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Name mangling in the SQL catalog results in ambiguity #6591

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monetdb-team opened this issue Nov 30, 2020 · 0 comments
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Name mangling in the SQL catalog results in ambiguity #6591

monetdb-team opened this issue Nov 30, 2020 · 0 comments

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@monetdb-team monetdb-team commented Nov 30, 2020

Date: 2018-04-25 16:30:44 +0200
From: @eyalroz
To: SQL devs <>
Version: 11.29.7 (Mar2018-SP1)
CC: @aris-koning, hknief, james, @kutsurak, m.raasveldt, martin.van.dinther, @njnes

Last updated: 2019-04-30 12:36:02 +0200

Comment 26408

Date: 2018-04-25 16:30:44 +0200
From: @eyalroz

User-Agent: Mozilla/5.0 (X11; Fedora; Linux x86_64; rv:59.0) Gecko/20100101 Firefox/59.0
Build Identifier:

tl;dr: We should use an invalid character to concatenate names within sql_catalog_nme.

MonetDB persists an "SQL catalog", which maps SQL schema-table-column triplets to BAT ids within the pool. It's implemented using two BATs with fixed logical names sql_catalog_nme and sql_catalog_bid - a name column and a BAT id column.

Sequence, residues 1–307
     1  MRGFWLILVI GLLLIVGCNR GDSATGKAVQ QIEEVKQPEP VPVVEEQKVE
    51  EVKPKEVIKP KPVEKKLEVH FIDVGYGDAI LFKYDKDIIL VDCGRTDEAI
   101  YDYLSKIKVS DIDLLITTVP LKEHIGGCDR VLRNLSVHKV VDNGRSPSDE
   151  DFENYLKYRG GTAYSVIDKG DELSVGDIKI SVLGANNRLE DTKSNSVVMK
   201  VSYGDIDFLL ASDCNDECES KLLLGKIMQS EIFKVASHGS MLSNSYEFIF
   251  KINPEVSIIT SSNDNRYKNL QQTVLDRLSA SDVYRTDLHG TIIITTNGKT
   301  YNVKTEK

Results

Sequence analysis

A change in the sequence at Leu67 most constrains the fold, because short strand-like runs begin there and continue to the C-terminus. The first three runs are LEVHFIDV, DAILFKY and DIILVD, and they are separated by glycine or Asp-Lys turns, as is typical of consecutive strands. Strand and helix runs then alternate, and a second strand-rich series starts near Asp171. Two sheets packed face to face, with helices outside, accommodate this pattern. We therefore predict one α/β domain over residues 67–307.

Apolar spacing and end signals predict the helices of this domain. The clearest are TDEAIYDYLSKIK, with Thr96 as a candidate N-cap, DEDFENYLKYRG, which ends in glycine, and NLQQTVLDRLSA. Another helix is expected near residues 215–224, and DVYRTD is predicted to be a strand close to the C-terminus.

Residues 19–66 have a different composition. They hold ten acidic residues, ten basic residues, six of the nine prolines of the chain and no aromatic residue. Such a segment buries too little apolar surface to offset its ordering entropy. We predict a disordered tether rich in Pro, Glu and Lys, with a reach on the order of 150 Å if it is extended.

Since only one string column is used, the triplet of strings we actually want to search for is mangled into a single string, by concatenating the names with underscore separators.

Example: If we're looking for schema "sys", table "ontime", column "flightdata", we'll actually look for "sys_ontime_flightdata" within "sql_catalog_nme", find it at a certain index in sql_catalog_nme, then get the BAT id from the corresponding index in sql_catalog_bid.

This approach is problematic, since schema, table and column names can themselves contain underscores. There is currently no escaping or underscore or special treatment for name collisions.

Example mclient session:

sql>create table ab ( cd_ef INTEGER );
operation successful
sql>create table ab_cd ( ef INTEGER );
CREATE TABLE: sys_ab_cd_ef conflicts

It is, of course, perfectly valid to create an SQL table "ab" with column "cd_ef" and table ab_cd with column "ef".

The problem is even more severe when trying to perform the reverse lookup, i.e. trying to determine the SQL name triplet (schema, table, column) for a BAT (whose ID appears in sql_catalog_bid). Any presence of underscores in any of the three names creates an ambiguity when we wish to demangle. While MonetDB doesn't do this itself, it is not inconceivable to want to do this in forensic analysis.

Proposed solution:

Make the mangling unambiguous, by using a separator which cannot appear in any of the names. AFAICT, schema, table and column names all use the following grammar rules::

SQL language identifier> ::=

[ { | }... ]

::=

::=

|

We could use something like a printing character such as ., , @ or %. I prefer the former - since that's what's often used intuitively, anyway.

Reproducible: Always

Comment 26409

Date: 2018-04-25 16:49:32 +0200
From: @sjoerdmullender

Removed my name: I don't need two copies.